• Thanks! that makes total sense now. Well, I guess you could say that today wasn’t a total loss – I’ve learned something new today!

        Reply
      • Julian Fletcher
        January 30, 2020 12:42 am

        I can second, third and fourth that! Those percentages almost seem designed to catch out the unwary developer. Perhaps they should say “ESTIMATED query cost”.

        Reply
        • @Julian Yeah, I totally agree. it should absolutely say “Estimated query cost”. It’s even more confusing sinec you can choose to display either the estimated query plan or the actual query plan – which led me to assume that the query cost is either estimated or actual based on the plan you choose to display – and I’ll bet I’m not the only one…

          Reply
  • @Brent Ozar

    It would be interesting to hear your thoughts of

    `DATEADD(DAY, DATEDIFF(DAY, 0, dateTimeValue))`

    and how that compares to the CAST approach.

    Reply
    • Steve – the cool part about my blog posts is that I always use totally open databases and techniques. That way, when you’ve got ideas or questions, you can try the technique yourself and see how the results compare to what’s in the post. Give ‘er a shot – it’s the best way to learn!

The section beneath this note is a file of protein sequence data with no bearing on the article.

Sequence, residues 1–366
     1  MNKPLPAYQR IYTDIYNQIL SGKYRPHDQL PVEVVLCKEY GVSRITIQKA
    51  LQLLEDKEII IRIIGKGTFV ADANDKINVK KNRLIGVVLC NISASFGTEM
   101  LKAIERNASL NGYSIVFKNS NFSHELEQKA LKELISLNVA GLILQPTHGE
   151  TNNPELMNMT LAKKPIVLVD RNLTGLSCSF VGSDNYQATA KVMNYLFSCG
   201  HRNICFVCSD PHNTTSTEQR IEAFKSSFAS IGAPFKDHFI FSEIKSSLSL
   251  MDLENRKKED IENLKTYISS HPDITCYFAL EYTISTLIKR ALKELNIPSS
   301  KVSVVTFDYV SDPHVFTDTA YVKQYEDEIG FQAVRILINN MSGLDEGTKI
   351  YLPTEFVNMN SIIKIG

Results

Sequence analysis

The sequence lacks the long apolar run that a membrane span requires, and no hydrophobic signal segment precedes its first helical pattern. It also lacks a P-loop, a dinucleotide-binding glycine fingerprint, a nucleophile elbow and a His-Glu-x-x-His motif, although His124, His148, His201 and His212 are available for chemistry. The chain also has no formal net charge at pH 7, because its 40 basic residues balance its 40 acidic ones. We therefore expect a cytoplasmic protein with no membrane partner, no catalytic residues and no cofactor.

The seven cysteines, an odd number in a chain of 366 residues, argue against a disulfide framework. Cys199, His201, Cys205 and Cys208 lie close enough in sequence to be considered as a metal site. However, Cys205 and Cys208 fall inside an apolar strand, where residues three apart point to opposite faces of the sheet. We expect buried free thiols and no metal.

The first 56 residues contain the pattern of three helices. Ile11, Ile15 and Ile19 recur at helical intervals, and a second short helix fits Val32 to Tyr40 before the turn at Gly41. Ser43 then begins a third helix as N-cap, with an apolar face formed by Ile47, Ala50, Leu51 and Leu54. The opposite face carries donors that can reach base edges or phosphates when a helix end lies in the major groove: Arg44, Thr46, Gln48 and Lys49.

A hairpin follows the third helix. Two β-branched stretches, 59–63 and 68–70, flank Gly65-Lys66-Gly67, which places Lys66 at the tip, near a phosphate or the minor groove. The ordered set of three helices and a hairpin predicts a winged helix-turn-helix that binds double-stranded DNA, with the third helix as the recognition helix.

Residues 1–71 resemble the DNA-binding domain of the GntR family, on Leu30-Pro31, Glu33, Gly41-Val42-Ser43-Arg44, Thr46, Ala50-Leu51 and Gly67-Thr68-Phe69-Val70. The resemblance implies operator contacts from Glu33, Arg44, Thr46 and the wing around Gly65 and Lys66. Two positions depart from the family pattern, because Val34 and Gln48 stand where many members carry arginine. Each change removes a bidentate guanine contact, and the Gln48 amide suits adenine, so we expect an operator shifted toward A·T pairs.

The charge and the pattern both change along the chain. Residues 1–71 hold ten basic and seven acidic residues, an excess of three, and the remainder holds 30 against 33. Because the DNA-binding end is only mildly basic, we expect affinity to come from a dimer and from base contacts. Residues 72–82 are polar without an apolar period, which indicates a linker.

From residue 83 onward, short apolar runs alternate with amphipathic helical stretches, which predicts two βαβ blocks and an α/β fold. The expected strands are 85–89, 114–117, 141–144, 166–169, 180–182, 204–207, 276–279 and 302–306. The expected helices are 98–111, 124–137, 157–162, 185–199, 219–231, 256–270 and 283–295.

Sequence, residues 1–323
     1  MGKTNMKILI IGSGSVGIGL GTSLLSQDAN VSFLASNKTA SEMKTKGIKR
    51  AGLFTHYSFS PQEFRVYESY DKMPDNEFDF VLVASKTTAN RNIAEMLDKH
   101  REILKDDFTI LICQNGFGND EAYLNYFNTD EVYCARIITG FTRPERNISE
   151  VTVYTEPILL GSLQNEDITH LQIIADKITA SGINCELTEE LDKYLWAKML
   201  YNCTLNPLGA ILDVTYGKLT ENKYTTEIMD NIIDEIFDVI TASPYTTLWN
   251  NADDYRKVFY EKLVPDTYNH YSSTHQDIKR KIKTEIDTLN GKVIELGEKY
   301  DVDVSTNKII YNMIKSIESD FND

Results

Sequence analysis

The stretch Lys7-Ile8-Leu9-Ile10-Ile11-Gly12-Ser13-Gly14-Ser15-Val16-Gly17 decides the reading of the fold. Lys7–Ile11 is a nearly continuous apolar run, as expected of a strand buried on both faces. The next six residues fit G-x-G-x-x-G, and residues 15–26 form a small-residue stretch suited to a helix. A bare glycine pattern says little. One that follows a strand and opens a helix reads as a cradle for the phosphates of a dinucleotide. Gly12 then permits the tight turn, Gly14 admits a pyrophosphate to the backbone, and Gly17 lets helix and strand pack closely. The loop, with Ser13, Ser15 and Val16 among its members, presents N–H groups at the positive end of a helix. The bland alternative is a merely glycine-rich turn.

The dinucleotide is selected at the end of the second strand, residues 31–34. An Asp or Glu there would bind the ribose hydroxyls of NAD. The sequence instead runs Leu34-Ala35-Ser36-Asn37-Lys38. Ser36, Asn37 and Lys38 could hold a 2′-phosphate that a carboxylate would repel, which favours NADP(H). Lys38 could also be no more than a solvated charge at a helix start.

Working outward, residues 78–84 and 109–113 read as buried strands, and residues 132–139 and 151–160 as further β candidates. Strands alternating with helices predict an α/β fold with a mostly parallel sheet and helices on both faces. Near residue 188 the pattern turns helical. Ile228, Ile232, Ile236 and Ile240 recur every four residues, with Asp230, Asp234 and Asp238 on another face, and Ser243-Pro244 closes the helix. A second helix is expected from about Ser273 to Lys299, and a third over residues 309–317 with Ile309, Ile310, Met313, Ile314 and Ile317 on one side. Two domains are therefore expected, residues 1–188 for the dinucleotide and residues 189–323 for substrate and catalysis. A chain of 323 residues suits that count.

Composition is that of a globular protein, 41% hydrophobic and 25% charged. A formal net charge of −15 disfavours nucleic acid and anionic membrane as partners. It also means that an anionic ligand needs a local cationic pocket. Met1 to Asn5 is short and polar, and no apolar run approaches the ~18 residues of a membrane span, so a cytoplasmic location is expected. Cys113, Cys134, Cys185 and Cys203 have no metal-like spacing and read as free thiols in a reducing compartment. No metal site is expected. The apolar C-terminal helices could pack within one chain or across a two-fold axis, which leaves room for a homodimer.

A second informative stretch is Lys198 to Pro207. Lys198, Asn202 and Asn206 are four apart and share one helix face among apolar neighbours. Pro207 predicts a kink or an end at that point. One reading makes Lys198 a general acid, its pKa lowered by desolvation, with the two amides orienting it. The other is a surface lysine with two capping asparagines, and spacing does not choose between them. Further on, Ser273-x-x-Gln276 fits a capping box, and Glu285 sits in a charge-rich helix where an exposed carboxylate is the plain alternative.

Reply
  • I spend a good deal of time and effort trying to educate developers to match the data types in code with the data types in the database, and if there is a cast or convert, don’t put it on the database column.

    SELECT *
    FROM dbo.Users
    WHERE LastAccessDate >= cast(‘2018-09-02’ as datetime)
    AND LastAccessDate < cast('2018-09-03' as datetime);

    Reply
  • Stephen Morris
    January 30, 2020 12:08 am

    war stories – once fixed a 2Tb table scan for a Bank that was threatening their risk reporting compliance deadline (with a potentially enormous fine) like this :-). It’s just a small fix – until it isn’t

    Reply
  • Stupid question, but why does do the third query an index seek? I was always told, not to use a function (as the CAST) on the table side, because it kills the sargability of the query and indexes could not longer be seeked (only scanned).

    Was this one of the changes in SQL 2019 (that I would have missed in this case)?

    Reply
    • Hi Thomas, as I understand it, this is actually something that’s been around since the DATE data type was introduced back in SQL Server 2008.

      SQL Server seems to be using a neat little short cut around the DATETIME and DATE data types.

      I think (and someone please feel free to educate me if I’m wrong here!) DATETIME values are stored using a binary format where the upper half of the binary value is the number of day boundaries passed since the lowest date the data type supports. The DATE data type uses the same format, so SQL Server can very quickly riffle through an index of sorted DATETIME values matching them based on a DATE since the index will hold all the DATETIME values for a given DATE value in a single contiguous chunk where they all start with the same bytes for a single date value.